Vietnamese firms told to focus on social, environmental performance to enter German market hinh anh 1IPTC Deputy Director Nguyen Tuan speaks at the event (Photo: VNA)
HCM City (VNS/VNA) - Vietnamese enterprises need to improve their social and environmental performance to secure their position in global supply chains, a seminar heard in Ho Chi Minh City last week.

Nguyen Ngoc Sang, project manager of the German Business Incubator at the Delegation of German Industry and Commerce in Vietnam (AHK Vietnam), said in recent years Vietnam had been a popular investment destination for many countries, especially Germany.

AHK Vietnam was receiving increasing requests from German companies to find suppliers in Vietnam, he said while speaking at the seminar on enhancing Vietnamese companies’ competitiveness in global supply chains through compliance with the German Supply Chain Due Diligence Act.

With its geographical location, Vietnam is considered the gateway to Southeast Asia, a rapidly growing and dynamic region, according to Sang.

It is attractive to investors thanks to its low labour costs, high labour compliance, strong growth for many years, and open mechanism for attracting investment.

It has signed many trade deals, including the EU-Vietnam Free Trade Agreement, which gets much attention from European investors, including German, and enterprises seeking to diversify their supply chains also prefer the country.

According to Nguyen Tuan, deputy director of the Investment and Trade Promotion Centre of HCM City (ITPC), said trade and investment ties between Vietnam and the EU, especially Germany, have seen robust growth in recent years.

Germany is Vietnam's largest trading partner in Europe, accounting for more than 19 per cent of its exports and acting as the gateway for Vietnamese goods to enter other European markets.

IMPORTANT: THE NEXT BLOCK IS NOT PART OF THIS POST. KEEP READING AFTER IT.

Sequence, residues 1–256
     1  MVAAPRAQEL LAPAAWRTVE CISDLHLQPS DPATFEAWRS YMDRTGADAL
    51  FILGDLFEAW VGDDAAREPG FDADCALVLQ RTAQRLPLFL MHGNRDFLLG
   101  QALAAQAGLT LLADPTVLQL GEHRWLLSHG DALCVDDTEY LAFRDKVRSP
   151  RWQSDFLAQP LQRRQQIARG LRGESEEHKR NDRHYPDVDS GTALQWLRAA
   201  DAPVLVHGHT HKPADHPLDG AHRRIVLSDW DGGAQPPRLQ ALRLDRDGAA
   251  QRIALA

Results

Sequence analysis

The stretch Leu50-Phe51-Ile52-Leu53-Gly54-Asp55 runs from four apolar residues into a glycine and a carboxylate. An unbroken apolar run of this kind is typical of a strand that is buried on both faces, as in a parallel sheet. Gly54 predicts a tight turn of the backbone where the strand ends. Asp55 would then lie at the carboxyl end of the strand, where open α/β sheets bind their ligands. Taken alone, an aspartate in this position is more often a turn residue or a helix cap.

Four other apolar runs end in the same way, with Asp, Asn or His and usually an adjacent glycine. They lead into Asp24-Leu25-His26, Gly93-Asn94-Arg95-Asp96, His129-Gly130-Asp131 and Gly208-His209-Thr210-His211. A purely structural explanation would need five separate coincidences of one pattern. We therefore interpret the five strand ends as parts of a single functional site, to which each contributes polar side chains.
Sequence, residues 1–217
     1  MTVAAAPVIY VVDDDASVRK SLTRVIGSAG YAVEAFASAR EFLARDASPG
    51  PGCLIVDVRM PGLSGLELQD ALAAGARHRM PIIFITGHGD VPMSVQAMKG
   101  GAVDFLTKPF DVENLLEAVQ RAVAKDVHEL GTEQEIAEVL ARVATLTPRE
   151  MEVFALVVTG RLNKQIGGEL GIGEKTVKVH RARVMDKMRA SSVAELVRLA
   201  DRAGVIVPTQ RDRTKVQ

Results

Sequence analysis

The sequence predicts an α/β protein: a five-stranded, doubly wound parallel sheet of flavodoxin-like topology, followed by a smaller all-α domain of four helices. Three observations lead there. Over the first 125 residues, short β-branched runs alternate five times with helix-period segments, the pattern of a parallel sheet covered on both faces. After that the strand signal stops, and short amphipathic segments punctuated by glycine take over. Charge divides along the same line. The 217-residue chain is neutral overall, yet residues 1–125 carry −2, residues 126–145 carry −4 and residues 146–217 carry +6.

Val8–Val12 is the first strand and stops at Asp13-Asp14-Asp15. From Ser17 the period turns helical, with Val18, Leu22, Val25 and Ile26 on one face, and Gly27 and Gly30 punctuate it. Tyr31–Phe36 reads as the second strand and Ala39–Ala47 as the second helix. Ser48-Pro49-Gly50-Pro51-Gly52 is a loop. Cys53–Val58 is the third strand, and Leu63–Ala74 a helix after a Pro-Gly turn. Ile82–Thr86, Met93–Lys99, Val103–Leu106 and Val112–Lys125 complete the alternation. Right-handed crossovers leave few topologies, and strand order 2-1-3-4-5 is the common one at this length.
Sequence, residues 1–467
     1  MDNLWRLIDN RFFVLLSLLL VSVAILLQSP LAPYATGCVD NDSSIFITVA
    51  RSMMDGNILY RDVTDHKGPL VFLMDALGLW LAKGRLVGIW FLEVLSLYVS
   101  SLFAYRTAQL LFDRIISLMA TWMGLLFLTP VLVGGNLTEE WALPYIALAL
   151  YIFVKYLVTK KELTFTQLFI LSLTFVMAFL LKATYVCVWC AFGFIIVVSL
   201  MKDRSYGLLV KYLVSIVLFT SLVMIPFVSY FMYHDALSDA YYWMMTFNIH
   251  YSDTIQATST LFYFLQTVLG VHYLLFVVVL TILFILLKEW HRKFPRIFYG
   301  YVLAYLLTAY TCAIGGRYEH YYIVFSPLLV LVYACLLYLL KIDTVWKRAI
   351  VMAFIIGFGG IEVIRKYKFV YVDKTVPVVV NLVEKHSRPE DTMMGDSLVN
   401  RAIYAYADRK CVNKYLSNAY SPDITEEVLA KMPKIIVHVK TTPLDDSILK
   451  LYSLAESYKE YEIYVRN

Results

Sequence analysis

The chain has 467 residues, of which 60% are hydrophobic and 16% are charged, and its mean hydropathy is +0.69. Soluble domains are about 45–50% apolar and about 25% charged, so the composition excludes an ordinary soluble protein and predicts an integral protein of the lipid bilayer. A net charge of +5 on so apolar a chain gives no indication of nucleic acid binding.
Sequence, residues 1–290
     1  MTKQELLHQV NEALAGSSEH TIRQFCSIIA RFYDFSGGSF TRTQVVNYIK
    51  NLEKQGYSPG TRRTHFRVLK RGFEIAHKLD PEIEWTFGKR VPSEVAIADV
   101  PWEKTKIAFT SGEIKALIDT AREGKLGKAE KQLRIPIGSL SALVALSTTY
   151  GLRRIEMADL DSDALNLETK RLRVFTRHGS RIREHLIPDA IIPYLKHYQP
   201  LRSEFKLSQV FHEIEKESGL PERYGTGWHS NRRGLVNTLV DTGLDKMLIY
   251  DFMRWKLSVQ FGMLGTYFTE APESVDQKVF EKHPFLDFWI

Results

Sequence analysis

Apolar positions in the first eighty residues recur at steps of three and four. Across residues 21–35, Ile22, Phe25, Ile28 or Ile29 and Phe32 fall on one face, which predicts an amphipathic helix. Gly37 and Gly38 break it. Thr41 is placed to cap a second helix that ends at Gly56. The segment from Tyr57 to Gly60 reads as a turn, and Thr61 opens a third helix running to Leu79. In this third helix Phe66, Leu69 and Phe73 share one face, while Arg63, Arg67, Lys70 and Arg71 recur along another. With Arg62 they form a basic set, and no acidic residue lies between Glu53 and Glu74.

While productivity and quality standards remain key factors, international business partners are increasingly looking at social and environmental conditions when choosing suppliers.

To ensure exports to demanding markets, Vietnamese enterprises must comply with stringent regulations like the German Supply Chain Due Diligence Act (LkSG).

Lanh Huyen Nhu, project coordinator for Sustainable and Climate Resilient Supply Chains at AHK Vietnam, said the act, which came into effect in January this year, sought among other things to prevent child and forced labour and ban substances that are hazardous to people and the environment.

"The law requires German companies to establish appropriate and effective risk management for their supply chains and integrate it into all relevant business processes," she said.

Companies in Vietnam could be indirectly affected by these regulations if they are part of a supply chain of a German company.

According to experts, while due diligence in supply chains and the resulting obligations are not new, these standards are becoming even more relevant, requiring more initiatives from businesses.

Understanding and putting these requirements into practice would lower risks and strengthen their competitiveness in the global supply chain, they said.

The seminar was held by ITPC and AHK Vietnam./.